- from 1 January 2022 claims handling and settling services can only be provided if the application has been granted.
Applicants can start preparing materials for their application now to allow for timely lodgement as soon as ASIC is able to start taking applications.
In the lead up to the commencement of the reforms, ASIC will continue to engage with industry about their implementation of the new requirements and whether ASIC can provide additional assistance to help industry transition to the new requirements.
Claims handling services have been exempt from the definition of 'financial service' under the Act and, therefore, persons providing claims handling services have not been required to hold an AFS licence.
The Final Report of the Royal Commission into Misconduct in the Banking, Superannuation and Financial Services Industry recommended that the handling and settling of insurance claims, or potential insurance claims, should no longer be excluded from the definition of ‘financial service’ (Recommendation 4.8).
The passage of the Bill will give effect to Recommendation 4.8.
From time to time, ASIC assists regulated entities to meet their legislative obligations in a timely way by releasing draft guidance and/or draft information sheets in advance of the passage of the relevant legislation.
- Draft INFO 000 Claims handling and settling
- Draft C12 proof on insurance claims handling and settling
The Financial Sector Reform (Hayne Royal Commission Response) Bill was passed by Parliament on 10 December 2020. The Financial Sector Reform (Hayne Royal Commission Response) Act will commence on 1 January 2021. Upon commencement, ASIC will accept applications for AFS licences, or for licence variations, seeking a claims handling and settling service authorisation.
ASIC plans to publish the C12 Proof: Claims Handling and Settling Service Statement in ASIC’s Regulatory Guide 3 in early 2021. We also plan to update the Information Sheet and publish the final version on ASIC’s website. AFS licence applicants can be guided by the draft C12 Proof and Information Sheet to assist with their preparation of an application.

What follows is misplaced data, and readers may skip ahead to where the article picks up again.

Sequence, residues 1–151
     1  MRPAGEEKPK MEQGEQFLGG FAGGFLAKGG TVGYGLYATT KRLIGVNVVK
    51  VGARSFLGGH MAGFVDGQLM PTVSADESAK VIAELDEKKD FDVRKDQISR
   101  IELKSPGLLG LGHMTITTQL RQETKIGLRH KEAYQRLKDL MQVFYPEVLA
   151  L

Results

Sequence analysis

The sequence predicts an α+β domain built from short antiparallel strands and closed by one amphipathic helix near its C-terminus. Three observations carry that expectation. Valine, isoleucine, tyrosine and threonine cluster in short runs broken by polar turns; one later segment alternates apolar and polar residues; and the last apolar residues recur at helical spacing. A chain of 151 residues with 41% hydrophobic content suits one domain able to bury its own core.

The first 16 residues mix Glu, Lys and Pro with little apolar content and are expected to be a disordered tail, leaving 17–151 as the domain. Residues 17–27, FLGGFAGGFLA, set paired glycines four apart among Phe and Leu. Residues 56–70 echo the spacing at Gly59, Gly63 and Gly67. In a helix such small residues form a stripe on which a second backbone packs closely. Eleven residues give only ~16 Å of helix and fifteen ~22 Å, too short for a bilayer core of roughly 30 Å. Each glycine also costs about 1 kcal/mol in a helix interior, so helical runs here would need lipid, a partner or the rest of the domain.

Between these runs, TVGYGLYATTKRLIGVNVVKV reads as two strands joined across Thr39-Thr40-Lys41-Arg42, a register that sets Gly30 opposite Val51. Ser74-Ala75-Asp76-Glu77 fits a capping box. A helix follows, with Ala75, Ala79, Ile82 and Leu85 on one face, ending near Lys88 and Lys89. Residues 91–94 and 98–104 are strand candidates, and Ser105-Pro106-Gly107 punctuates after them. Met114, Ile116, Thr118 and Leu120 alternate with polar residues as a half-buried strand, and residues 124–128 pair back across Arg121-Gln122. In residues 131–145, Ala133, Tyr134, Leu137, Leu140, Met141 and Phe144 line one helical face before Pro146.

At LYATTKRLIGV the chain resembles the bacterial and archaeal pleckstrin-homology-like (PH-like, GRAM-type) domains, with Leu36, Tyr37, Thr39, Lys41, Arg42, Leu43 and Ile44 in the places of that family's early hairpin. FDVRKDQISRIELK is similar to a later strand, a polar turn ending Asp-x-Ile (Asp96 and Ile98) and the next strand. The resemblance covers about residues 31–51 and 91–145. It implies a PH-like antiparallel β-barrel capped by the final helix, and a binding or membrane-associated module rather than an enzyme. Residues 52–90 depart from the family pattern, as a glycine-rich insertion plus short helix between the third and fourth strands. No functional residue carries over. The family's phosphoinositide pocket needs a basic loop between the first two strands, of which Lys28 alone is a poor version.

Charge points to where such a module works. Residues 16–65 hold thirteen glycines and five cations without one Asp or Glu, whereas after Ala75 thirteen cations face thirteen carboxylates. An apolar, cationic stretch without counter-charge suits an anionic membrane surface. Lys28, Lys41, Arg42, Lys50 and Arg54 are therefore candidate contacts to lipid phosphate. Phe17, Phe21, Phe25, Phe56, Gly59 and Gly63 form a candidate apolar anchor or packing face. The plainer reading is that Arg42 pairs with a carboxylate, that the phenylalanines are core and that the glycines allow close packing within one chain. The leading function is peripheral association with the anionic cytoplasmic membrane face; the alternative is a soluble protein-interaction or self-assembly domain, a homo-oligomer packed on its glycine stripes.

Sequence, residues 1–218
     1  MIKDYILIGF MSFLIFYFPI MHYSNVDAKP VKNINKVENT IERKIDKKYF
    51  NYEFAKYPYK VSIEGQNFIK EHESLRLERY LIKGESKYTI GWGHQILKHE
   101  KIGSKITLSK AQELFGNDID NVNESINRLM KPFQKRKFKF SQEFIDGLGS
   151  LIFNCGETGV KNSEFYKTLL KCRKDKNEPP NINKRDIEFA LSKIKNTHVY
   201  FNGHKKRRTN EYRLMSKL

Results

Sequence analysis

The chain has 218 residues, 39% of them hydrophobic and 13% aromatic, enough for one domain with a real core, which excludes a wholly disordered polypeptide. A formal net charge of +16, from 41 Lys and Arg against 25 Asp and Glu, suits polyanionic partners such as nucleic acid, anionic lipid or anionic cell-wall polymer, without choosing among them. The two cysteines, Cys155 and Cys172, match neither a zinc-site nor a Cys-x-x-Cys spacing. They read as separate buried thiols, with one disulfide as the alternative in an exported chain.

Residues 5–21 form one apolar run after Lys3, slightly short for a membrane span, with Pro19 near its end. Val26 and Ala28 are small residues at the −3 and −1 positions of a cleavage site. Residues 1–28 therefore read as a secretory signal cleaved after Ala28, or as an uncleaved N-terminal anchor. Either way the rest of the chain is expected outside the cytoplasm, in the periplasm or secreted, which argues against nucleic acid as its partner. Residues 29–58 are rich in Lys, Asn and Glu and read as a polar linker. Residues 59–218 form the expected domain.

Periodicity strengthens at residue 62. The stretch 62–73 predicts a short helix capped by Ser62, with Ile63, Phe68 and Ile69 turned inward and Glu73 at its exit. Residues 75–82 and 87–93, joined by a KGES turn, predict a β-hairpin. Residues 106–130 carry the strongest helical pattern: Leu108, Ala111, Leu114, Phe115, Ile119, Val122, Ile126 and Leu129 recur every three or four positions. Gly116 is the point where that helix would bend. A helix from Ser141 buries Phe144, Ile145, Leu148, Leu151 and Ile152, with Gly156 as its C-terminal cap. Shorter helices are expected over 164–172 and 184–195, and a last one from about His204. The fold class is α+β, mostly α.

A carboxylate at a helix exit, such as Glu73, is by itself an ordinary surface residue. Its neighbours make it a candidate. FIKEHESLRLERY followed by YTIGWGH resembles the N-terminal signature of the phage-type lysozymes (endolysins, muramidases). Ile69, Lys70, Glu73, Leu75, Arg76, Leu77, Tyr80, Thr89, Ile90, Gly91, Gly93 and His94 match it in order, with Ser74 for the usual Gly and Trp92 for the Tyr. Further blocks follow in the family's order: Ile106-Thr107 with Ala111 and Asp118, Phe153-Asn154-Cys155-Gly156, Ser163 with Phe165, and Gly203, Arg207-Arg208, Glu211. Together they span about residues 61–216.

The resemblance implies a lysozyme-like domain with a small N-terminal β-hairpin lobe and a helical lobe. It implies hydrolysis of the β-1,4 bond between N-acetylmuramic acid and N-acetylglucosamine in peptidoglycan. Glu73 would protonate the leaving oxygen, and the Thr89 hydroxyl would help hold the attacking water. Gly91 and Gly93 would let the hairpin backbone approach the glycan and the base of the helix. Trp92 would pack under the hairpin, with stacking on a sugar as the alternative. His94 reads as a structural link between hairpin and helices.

The Government is finalising Regulations in relation to this reform, and the Treasury is consulting on the ‘Regulation of Claimant Intermediaries’ until 25 January 2021. Persons exempted by the draft regulations from the requirement to be licensed to provide claims handling and settling services should consider whether they need to apply for an AFS licence.
Editor's note 2:
ASIC has published the C12 Proof: Claims Handling and Settling Service Statement in ASIC’s Regulatory Guide 3. AFS licence applicants should respond to the matters in C12 Proof and be guided by the draft Information Sheet when preparing their application.
The Government has made Regulations in relation to this reform: the Financial Sector Reform (Hayne Royal Commission Response) (2021 Measures No. 1) Regulations 2021 and the ASIC Supervisory Cost Recovery Levy Amendment (Claims Handling and Settling Services Providers) Regulations 2021.